When comparing a facial image from a crime scene with a police photograph, forensic experts pay attention to morphologic-anthropologic features, following a prescribed protocol. The support for the hypothesis that crime-scene and reference image originate from one individual is expressed in qualitative terms, such as “no support”, “limited support”, “moderate support”, “strong support”, and “very strong support”. Presently a strong effort is being made to replace such a qualitative description by a likelihood ratio, which is a quantitative measure of evidential value that can support the judge in court to make an objective decision.
Biometric face recognition is an automated process, for example used in access control. It does not use morphologic-anthropologic features, but extracts and compares abstract features, resulting in a quantitative similarity score. If this is above a predetermined threshold, the compared faces are accepted as resulting from the same individual.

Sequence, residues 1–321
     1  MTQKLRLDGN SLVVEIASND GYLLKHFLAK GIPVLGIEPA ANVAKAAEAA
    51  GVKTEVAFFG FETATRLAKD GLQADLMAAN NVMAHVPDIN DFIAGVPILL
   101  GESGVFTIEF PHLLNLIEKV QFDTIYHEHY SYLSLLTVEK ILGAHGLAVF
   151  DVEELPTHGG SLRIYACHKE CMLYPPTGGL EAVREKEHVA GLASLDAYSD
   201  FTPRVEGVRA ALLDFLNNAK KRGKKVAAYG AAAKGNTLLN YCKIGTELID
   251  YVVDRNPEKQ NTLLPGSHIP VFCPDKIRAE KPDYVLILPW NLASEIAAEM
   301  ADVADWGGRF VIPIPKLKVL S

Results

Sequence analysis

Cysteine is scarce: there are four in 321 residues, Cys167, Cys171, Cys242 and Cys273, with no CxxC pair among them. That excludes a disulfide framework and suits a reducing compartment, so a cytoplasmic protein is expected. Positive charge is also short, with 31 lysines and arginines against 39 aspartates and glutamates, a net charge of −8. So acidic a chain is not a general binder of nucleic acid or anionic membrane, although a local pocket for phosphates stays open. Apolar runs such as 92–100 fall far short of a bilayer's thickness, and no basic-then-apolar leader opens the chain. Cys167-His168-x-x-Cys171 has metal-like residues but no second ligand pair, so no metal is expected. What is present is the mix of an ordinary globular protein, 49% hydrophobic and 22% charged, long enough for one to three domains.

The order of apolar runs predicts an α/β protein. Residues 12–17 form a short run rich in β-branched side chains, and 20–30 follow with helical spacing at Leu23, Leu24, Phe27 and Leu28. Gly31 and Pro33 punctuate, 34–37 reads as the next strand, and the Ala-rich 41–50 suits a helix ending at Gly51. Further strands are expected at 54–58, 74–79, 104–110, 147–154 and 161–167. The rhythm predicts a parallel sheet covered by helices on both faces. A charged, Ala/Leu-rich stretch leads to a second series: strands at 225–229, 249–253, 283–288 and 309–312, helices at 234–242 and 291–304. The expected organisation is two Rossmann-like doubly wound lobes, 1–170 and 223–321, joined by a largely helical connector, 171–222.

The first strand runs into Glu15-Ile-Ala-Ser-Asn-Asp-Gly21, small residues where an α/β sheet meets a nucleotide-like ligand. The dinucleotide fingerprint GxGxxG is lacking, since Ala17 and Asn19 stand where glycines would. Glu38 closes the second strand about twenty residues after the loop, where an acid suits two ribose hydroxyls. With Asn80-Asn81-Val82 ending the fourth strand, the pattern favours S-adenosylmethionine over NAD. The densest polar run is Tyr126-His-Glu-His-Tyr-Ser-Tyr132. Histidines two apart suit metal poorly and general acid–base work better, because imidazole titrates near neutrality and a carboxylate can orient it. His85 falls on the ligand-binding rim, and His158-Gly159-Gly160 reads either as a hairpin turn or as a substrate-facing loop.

This proposal combines the fields of forensic face comparison and biometric face recognition in order to develop a (partially) automated system for forensic facial comparison that quantifies the evidential value as a likelihood ratio thus supporting the court to make an objective decision. This will be realized by:
- (Semi-)Automation of the Current Forensic Morphological-Anthropological Practice.
- Optimization of Biometric Face Recognition for Forensic Applications.
- Computation of Likelihood Ratios as Quantitative Evidential Value from the above 2 systems.